Northwest Airlines Inc. v. Wisconsin Dep't of Revenue, 2006 WI 88 (filed 7 July 2006)

    Wisconsin taxes air carrier companies under an ad valorem tax codified in Wis. Stat. chapter 76. Each air carrier's property is valued on a company-wide basis, and a percentage of this amount is attributed to Wisconsin for purposes of calculating the ad valorem tax (see ¶ 16).

    In 2001 the Wisconsin Legislature created an ad valorem tax exemption for air carrier companies that satisfy either of two statutorily-described criteria for operating a hub facility in Wisconsin. The purposes of the exemption are to maintain the state's air transportation system, protect existing jobs, encourage the development of additional air transportation facilities, and preserve the state's competitiveness in attracting and retaining business and industry.

    Midwest Airlines Inc. and Air Wisconsin Airlines Corp. qualified for the exemption in 2002. The Legislative Fiscal Bureau estimated that in 2002 the hub exemption relieved Midwest Airlines of nearly $2 million in ad valorem taxes and relieved Air Wisconsin of nearly $600,000 in ad valorem taxes. Northwest Airlines Inc., with headquarters in Minnesota, did not qualify in 2002 for the tax exemption (which would have been worth $1.5 million), and it filed this lawsuit challenging the constitutionality of the tax exemption. The circuit court held the tax exemption unconstitutional. The court of appeals certified the case to the supreme court, which granted certification.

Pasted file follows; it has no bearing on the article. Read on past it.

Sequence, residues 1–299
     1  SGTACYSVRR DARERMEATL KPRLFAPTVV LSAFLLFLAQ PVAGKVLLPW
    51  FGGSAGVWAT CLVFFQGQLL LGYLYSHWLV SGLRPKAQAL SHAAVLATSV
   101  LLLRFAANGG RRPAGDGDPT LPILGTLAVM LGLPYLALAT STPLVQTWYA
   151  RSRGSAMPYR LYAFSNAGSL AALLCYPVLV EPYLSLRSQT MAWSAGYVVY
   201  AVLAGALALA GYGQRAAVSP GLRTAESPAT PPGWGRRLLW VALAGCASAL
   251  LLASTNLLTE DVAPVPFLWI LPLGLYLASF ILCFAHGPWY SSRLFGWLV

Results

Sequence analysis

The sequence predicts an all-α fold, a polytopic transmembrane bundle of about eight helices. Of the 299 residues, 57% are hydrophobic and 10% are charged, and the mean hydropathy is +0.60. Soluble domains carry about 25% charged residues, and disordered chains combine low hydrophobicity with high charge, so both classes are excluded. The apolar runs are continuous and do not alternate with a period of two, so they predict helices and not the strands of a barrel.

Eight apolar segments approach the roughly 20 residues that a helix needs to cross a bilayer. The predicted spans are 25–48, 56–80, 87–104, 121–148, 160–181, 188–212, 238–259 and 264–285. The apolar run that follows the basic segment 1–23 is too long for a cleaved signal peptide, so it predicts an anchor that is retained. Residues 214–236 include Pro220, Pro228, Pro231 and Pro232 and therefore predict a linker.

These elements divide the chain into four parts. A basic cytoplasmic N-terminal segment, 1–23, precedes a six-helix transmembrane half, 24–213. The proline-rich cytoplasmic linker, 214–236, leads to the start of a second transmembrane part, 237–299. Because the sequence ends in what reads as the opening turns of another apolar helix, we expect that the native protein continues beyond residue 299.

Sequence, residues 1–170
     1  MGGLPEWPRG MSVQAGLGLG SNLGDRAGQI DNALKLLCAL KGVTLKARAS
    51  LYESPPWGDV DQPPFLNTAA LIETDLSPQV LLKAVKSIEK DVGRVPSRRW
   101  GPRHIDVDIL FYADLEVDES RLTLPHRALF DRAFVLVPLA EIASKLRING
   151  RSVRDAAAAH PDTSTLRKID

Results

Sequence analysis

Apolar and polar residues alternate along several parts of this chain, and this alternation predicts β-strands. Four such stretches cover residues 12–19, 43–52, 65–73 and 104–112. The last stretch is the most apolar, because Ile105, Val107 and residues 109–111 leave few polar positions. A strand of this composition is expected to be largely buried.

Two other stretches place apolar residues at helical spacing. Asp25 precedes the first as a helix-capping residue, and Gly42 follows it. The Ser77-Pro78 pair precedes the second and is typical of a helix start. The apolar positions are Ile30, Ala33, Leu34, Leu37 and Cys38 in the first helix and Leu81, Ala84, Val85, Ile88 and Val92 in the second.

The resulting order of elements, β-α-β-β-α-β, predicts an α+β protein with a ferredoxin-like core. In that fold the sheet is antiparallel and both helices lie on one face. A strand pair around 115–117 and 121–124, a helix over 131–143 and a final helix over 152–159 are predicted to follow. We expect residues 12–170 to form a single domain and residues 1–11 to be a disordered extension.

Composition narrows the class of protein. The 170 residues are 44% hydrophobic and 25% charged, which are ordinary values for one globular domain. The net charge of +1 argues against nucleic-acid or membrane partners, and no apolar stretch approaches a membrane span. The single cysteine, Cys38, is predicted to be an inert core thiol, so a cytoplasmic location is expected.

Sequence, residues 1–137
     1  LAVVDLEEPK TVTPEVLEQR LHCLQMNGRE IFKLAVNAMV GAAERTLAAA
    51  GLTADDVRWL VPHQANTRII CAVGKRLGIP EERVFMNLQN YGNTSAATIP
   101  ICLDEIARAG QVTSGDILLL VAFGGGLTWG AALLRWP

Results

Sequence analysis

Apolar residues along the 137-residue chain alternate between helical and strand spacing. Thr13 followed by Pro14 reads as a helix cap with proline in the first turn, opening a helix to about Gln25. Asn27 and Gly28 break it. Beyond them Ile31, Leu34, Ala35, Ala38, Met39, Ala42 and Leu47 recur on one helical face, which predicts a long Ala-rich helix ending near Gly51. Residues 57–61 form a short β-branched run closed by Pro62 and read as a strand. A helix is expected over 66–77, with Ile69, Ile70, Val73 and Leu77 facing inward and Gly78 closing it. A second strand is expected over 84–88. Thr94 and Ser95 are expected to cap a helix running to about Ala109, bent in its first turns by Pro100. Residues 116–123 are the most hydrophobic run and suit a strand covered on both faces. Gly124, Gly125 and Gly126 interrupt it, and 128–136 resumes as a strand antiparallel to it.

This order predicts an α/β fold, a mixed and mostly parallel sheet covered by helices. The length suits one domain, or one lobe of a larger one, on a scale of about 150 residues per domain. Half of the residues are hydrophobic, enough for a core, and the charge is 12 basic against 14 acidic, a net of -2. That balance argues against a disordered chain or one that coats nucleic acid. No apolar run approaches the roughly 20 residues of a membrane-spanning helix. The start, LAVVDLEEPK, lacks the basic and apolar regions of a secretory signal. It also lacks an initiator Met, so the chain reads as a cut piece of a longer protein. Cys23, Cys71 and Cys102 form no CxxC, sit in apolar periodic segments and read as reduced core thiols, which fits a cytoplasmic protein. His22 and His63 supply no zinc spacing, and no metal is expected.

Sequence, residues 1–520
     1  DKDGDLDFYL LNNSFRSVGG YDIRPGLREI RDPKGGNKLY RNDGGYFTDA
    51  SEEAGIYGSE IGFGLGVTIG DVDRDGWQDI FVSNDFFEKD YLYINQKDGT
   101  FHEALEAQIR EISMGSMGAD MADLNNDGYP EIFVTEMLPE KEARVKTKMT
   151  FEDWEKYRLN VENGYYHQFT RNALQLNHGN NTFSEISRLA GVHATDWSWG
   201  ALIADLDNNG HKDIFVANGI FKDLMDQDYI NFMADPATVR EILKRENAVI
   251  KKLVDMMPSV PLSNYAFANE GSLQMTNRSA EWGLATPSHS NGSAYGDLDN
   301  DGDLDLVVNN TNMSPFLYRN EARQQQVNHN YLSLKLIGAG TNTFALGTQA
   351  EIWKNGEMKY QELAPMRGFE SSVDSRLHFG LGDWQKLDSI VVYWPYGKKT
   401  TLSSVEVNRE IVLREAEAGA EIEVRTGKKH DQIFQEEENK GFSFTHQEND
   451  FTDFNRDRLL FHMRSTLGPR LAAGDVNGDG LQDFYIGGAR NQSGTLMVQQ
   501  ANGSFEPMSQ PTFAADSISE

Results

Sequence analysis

In a majority decision authored by Justice Prosser, the supreme court held that the hub exemption to the ad valorem tax violates neither the Equal Protection Clause of the United States Constitution nor the Uniformity Clause of the Wisconsin Constitution (see ¶ 14). As to both challenges the court concluded that the classifications made by the hub exemption are rationally related to the legitimate governmental purpose of ensuring the vitality of Wisconsin's economy (see ¶ 66). The court also held that 49 U.S.C. § 40116 precludes dormant Commerce Clause review of the hub exemption (see ¶ 14). It found that "49 U.S.C.A. § 40116 demonstrates - with unmistakable clarity - congressional consent to allow states to impose differential taxes among air carriers" (¶ 36).